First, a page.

Filling the Time: Conversation, Chocolate, and Contemplation in Costa Rica
|Between the cacao trees in Costa Rica|
Tonight through Sunday, Željko Ivanek and Sarah Steele will give their final performances as Sterling (a lapsed American lawyer and expat in rural Costa Rica) and Becky (his suburban niece) in Slowgirl. Though the show is sold out, if you arrive at the new Claire Tow Theater at Lincoln Center (perched on the roof of the long-established Vivian Beaumont Theater) just before 6pm and are first or second in line for the elevator, you can ride upstairs with the other early-goers and wait (in the same line formation, this time on benches in the narrow lobby area between the elevators and will-call booth) until just before seven, when the theater decides to unload the handful of tickets previously purchased but never claimed.
This works. I did it twice last week. (It worked twice but the first time, due to a cell-phone related snafu unrelated to the content of this post, I had to give up my place in line at the last minute.) And the experience of watching this atmospheric play is worth the unstructured hour of waiting time--and the twenty-dollar ticket price--ten-fold.
The evolving familial relationship between chatty Becky and taciturn Sterling (whom Becky memorably and characteristically loudly refers to as "Ster-fry") is compelling. But, for me at least, the power of this jungle story is less in the plot than in the very experience of watching it.
Slowgirl, the first production to be staged by the Lincoln Center Theater at this location, is charming, honest, modest, and relevant. When you're there an hour early, you see the actors come in. They are already noticeably in sync--one arrives within seconds of the other, who holds the elevator door; they smile comfortably at each other and disappear. An actor from Mad Men is in the audience and he looks more handsome, more interesting than he does on TV. A rooftop blogger sits on the bench next to you, also waiting for a last-minute ticket, contemplating the the wooden-slatted terrace, miniature lawns, and old-school standing viewfinders (like the ones atop the Empire State Building) outside. Inside the 112-seat theater, the action starts as casually as is expected in the best Off-Broadway plays. The chirping and chirring on the stage replaces that in the audience and your attention turns to the scene in front of you. The actors (two New Yorkers in an elevator an hour ago) are now transformed--he looks older, she looks younger. Ivanek as Sterling, looking very much like a poet friend of mine who once lived in Guatemala and the inspiration for one of my own poems, paces between the wooden beams underneath the tin roof and drops into the hammock with a heavy hardcover book. Anyone who knows the Central American landscape will recognize Sterling as part of it. He is solitary, confident, responsive to the environment around him.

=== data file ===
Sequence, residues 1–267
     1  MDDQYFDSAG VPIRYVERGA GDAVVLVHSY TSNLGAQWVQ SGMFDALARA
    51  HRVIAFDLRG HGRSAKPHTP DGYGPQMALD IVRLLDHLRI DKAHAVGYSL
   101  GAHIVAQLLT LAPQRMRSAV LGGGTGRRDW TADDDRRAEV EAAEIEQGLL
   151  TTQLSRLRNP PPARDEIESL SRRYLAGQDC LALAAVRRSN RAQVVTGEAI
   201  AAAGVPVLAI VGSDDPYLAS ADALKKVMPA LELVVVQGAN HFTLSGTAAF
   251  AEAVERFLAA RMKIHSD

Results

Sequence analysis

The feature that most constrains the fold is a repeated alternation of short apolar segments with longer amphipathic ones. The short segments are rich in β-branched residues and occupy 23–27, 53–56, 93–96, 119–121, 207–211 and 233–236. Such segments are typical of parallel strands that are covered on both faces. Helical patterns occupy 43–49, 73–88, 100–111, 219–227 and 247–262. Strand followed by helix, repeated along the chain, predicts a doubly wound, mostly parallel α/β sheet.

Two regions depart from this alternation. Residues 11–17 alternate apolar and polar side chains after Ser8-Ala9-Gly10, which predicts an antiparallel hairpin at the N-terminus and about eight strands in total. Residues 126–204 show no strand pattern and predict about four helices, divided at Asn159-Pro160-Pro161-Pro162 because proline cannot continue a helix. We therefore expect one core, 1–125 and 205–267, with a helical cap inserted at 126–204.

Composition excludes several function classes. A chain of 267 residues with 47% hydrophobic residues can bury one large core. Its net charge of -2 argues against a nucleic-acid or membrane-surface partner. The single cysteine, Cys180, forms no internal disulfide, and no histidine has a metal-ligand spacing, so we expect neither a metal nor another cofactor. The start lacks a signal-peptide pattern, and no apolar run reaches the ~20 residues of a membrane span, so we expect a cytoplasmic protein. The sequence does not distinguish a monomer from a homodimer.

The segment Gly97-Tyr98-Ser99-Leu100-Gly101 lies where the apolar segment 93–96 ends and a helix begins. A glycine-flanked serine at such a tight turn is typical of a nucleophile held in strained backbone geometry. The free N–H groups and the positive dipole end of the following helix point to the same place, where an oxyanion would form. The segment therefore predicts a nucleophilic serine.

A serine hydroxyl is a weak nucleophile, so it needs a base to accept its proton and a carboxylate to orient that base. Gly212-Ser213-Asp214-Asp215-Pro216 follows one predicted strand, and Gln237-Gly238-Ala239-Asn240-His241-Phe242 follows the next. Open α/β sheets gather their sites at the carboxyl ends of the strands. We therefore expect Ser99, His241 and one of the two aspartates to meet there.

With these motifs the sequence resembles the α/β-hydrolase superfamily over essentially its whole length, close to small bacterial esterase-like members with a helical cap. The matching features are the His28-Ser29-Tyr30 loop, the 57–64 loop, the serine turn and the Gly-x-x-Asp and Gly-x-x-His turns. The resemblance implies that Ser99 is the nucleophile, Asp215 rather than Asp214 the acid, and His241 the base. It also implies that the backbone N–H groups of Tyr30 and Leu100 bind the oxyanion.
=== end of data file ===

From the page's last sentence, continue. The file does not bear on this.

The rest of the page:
"Don't you get bored?" Becky asks, incredulous from the moment of her arrival.
Should you choose to follow Sterling to Costa Rica, considering doing so on the Ecole Chocolat Master Chocolate program in March of 2013, a good opportunity to conduct cacao-related fieldwork with chocolate-maker Steve DeVries if you missed him in Mexico last year. Before, during, or instead of the chocolate tour, you might spend a few days doing yoga at Pranamar on the beach, a B & B run by Susan Money, one of the most centered hotel owners I've ever met and another fixture of the landscape.